[Stackless] Re: [Python-Dev] Stackless Design Q.

Christian Tismer tismer at tismer.com
Fri Feb 22 09:15:19 CET 2002

Greg Ewing wrote:

> Christian Tismer <tismer at tismer.com>:


> I can see the attraction of having pre-emption built in this
> way -- it would indeed be extremely efficient.
> But I think you need to make a decision about whether your
> tasklet model is going to be fundamentally pre-emptive or
> fundamentally non-pre-emptive, because, as I said before,
> the notion of switching to a specific tasklet is incompatible
> with pre-emptive scheduling.

Yes. I will go a bit further and adapt the process model
of the Alef language a bit.

> If you want to go with a fundamentally pre-emptive model,
> I would suggest the following primitives:

[blocking stuff  - ok]

> Using this model, a coroutine switch would be implemented
> using something like
>    def transfer(t):
>       "Transfer from the currently running tasklet to t."
>       t.unblock()
>       current_tasklet().block()
> although some locking may be needed in there somewhere.
> Have to think about that some more.
> For sending values from one tasklet to another, I think
> I'd use an intermediate object to mediate the transfer,
> something like a channel in Occam:
>    c = channel()
>    # tasklet 1 does:
>    c.send(value)
>    # tasklet 2 does:
>    value = c.receive()
> Tasklet 1 blocks at the send() until tasklet 2 reaches
> the receive(), or vice versa if tasklet 2 reaches the
> receive() first. When they're both ready, the value is
> transferred and both tasklets are unblocked.
> The advantage of this is that it's more symmetrical.
> Instead of one tasklet having to know about the
> other, they don't know about each other but they
> both know about the intermediate object.

Yes. This all sounds very familiar to me. In private
conversation with Russ Cox, Bell Labs, I learned
about rendevouz techniques which are quite similar.

Having read the Alef user guide which can be found at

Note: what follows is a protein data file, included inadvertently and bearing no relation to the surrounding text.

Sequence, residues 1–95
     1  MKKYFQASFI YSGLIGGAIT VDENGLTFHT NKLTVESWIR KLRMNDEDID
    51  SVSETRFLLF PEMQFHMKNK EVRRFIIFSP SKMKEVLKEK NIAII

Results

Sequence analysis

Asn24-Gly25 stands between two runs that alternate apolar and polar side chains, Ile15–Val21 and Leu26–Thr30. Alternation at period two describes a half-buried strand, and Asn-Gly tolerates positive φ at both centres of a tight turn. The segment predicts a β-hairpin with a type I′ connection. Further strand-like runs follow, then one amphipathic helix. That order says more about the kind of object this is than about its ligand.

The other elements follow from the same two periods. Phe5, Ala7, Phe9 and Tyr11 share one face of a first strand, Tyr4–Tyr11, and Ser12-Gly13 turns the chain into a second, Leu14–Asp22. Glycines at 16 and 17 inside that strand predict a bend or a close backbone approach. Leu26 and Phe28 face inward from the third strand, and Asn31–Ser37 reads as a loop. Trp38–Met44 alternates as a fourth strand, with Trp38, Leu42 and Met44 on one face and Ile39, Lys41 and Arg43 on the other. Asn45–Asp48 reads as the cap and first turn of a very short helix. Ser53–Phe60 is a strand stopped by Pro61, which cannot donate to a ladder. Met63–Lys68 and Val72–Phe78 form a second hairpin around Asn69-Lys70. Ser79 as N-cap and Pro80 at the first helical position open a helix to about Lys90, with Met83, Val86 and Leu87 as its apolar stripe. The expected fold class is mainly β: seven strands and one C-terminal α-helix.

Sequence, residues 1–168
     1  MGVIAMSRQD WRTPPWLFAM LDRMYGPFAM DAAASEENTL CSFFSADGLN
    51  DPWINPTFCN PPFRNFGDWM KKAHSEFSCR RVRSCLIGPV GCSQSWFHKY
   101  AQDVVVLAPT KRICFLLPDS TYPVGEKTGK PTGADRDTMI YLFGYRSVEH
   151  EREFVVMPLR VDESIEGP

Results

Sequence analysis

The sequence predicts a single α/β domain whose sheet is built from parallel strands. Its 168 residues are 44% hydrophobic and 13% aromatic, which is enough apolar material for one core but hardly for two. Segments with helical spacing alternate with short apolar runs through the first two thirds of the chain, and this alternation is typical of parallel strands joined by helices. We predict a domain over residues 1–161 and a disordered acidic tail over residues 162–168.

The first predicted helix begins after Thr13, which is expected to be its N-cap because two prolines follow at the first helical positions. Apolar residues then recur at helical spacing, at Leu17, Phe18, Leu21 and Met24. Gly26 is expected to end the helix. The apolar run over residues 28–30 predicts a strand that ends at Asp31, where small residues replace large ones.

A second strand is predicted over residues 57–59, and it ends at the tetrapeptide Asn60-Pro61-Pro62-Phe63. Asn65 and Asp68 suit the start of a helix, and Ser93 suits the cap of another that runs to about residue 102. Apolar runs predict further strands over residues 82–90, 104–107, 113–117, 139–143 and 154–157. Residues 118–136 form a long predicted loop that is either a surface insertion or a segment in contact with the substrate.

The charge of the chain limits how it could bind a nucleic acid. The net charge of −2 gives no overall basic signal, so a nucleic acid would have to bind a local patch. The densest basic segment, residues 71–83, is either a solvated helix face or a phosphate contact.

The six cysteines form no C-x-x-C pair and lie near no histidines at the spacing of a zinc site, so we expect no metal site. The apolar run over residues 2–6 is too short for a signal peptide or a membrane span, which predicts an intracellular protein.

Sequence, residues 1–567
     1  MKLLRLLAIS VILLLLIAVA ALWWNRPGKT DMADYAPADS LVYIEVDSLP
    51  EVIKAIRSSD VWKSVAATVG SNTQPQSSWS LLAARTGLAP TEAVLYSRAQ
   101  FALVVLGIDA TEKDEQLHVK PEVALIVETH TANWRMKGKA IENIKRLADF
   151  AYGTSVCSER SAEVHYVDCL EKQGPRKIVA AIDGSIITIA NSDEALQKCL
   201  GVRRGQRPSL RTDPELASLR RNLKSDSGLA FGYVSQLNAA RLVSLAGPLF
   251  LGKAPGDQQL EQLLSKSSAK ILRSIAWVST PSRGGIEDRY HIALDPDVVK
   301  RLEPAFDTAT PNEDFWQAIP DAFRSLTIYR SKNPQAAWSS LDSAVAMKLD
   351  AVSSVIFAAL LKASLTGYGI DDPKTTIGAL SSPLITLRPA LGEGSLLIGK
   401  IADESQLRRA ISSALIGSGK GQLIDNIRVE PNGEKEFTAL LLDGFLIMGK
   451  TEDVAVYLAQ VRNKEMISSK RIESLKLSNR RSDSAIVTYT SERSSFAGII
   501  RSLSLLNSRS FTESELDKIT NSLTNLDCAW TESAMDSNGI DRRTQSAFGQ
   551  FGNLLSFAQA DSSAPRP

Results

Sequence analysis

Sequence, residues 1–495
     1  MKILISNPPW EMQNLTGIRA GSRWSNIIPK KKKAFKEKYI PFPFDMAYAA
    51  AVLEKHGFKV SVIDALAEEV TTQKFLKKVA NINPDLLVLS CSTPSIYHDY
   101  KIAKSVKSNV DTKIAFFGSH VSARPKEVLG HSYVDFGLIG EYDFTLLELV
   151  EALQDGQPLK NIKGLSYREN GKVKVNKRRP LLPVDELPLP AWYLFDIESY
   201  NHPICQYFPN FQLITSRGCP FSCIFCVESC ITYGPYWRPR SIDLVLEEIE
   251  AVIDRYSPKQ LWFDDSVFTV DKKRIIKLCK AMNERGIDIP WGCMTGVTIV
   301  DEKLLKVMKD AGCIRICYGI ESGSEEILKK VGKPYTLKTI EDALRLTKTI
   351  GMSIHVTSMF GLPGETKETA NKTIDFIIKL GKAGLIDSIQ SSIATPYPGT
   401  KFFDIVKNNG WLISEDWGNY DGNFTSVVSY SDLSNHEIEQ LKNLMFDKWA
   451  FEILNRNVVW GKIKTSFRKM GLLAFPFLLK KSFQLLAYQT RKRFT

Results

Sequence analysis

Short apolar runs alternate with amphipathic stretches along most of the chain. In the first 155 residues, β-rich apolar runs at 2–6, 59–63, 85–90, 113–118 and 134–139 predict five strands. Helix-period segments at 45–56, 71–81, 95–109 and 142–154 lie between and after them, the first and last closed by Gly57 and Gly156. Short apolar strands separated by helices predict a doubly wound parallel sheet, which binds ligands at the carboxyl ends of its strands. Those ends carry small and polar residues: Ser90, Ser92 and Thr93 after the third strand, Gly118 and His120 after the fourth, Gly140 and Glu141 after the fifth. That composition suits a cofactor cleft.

I got the following picture:

(Thanks to Russ Cox, these are his ideas!)
We use a two-level structure. Toplevel is something
similar to threads, processes in Alef language.
These are pre-emptively scheduled by an internal
scheduler that switches after every n opcodes.
These threads are groups of tasklets, which have
collaborative scheduling between them.

This gives us a lot of flexibility: If people prefer
thread-like behavior, they can use the system
provided approach and just use the toplevel layer
with just one tasklet in it.
Creating new tasklets inside a process then has
coroutine-like behavior.
I'm just busy designing the necessary structures,
things should not get too complicated on the C level.

>>I want to provide an exception to kill tasklets.
>>Also it will be prossible to just pick it off and drop it,
>>but I'm a little concerned about the C stack inside.
> As I said before, if there are no references left to a
> tasklet, there's no way it can ever be switched to again,
> so its C stack is no longer relevant. Unless you can have
> return addresses from one C stack pointing into another,
> or something... can you?

Well, the problem is that an extension *might* be sitting
inside a tasklet's stack with a couple of allotted
objects. I would assume that the extension frees these
objects when I send an exception to the tasklet.
But without that, I cannot be sure if all resources
are freed.

thanks a lot for your help - chris

Christian Tismer             :^)   <mailto:tismer at tismer.com>
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